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Chapter occasion, subjected to the decision of a court of justice. On
the 11th February, 1884, however, he voted twice during the
the penalty consequent upon the vote of an unsworn AttorneyPenalties member,2 The Court of Appeal decided, 28th January, Bradlaugh. taking the 1885, that the parliamentary "oath must be taken by a 168.
1. member, with the assent of the house, according to the
requirements of the standing orders, and after he has been
1866, s. 5.3
informed the house that he had received an appeal, in the
"A friendly suit was not tried to ? 12th Feb. 1884, the Chiltern test the legality of this act, as, in Hundreds granted to Mr. Bradthe judgment of the court, the laugh (see p. 645). pleadings were collusive. Gurney 3 Law Reports, 1885, part v. p. v. Bradlaugh, 1882.
667; 14 Q. B. D. 101,
based on something that had occurred during that Parlia- Chapter
be made standing between him and his taking the oath." Omission By the 30 Chas. II. stat. 2, 13 Will. III. c. 6, and 1 Geo. to take the I. stat. 2, c. 13, severe penalties and disabilities were inflicted Penalties. upon any member of either house who sat or voted without
having taken the oaths. By the 29 & 30 Vict. c. 19, any
: in the case sary to move a new writ immediately the omission is discovered, as the member's seat is vacated.3
sec p. 162, 1 141 C. J. 5; 302 H. D. 3 s. 21. Gower); 1 Will. IV. c. 8 (Lord R. n 9th March, 1882, the Speaker Grosvenor); 5 Vict. c. 3 (Earl of tated that to object to any member Scarborough); Lord Plunket, 1880. taking the oath except on grounds 3 60 C. J. 148 ; 67 ib. 286; 69 ib. public or notorious, or within the 144 ; 71 ib. 42; 86 ib. 353. In Mr. cognizance of the house, would be Bradlaugh's case (see p. 165), he was simply vexatious, 267 H. D. 3 s. 442, allowed to accept the Chiltern Hun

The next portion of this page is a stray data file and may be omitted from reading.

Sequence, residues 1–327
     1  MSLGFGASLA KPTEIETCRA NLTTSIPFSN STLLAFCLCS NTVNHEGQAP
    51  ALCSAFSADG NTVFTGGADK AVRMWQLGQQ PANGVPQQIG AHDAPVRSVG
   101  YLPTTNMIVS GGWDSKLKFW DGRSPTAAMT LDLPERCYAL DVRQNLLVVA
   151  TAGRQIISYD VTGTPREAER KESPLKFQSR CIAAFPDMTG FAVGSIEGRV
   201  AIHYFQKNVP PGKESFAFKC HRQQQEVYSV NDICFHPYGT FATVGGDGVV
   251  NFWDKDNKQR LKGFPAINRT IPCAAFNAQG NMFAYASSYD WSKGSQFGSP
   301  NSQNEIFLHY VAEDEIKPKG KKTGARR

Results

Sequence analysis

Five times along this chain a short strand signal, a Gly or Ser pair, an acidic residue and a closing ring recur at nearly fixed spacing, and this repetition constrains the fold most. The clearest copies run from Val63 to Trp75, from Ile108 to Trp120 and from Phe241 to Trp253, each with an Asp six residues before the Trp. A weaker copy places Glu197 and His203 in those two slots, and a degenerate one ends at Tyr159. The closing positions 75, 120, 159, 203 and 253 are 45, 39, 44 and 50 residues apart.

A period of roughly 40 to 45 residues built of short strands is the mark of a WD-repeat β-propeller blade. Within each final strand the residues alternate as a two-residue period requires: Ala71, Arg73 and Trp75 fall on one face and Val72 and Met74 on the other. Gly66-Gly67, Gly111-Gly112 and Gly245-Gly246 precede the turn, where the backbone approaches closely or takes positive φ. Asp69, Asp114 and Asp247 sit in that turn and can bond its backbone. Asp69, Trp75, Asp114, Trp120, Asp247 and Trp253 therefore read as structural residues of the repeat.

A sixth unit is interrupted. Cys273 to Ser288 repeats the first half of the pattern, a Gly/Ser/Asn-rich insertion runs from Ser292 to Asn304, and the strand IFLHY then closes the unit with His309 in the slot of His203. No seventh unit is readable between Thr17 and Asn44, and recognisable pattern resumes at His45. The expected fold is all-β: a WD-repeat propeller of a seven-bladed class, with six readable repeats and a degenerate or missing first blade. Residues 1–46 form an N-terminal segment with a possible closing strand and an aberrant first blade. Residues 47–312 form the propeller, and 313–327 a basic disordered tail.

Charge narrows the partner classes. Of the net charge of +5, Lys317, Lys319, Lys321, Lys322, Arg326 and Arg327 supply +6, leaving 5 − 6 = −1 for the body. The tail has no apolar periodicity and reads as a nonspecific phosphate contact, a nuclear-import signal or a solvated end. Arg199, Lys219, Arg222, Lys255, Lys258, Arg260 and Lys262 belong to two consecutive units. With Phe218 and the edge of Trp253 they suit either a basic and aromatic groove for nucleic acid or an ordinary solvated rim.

? 45 Geo. III. c. 5 (Lord J. dreds (see p. 645). Thynne); 56 Geo. III. C. 48 (Earl
Chapter But although a member may not sit and vote until he has Members
ones entitled to m. taken the oath, he may vacate his seat by the acceptance or Acceptance of the Chiltern Hundreds, and is entitled to all the other before they
are sworn. Chiltern privileges of a member, being regarded, both by the house Hundreds p. 642. and by the laws, as qualified to serve, until some other dis
qualification has been shown to exist. Thus, on the 13th
April, 1715, it was resolved “that Sir Joseph Jekyll was An unsucorn capable of being chosen of a committee of secrecy, though member
je he had not been sworn at the Clerk's table."1 On the 11th
eleven years without having taken the oaths, to the com-
It is usual for members who have not yet taken the
é of a return. received from the clerk of the Crown (see p. 150), is sufficient evidence of the return of a member, and the oatlıs are at once administered. If a member be elected after a general election, the clerk of the Crown sends to the Clerk of the house a certificate of the return received in the Crown Office : 5 and the member must obtain a certificate
118 C. J. 59; Chandler's Debates; 7 Parl. Hist. 57; 2 Hatsell, 88, n.
• 113 C. J. 167; 150 H. D. 3 s. 336. 430.
3 113 C. J. 162.
• When, 18th May, 1849, notice was taken that strangers were present, Baron Rothschild retained his seat below the bar, although he had
not taken the oath; and Mr. Bradlaugh was present below the bar, during many divisions, while forbidden to take the oath.
5 During the session of 1889, the return of a member for Kennington, on Friday, 15th March, was not delivered at the Crown Office until the following Monday evening at nine
from the Public Bill Office of the receipt of that certificate Chapter
vities regardbut his return was not received by the clerk of the Crown inj rcturns,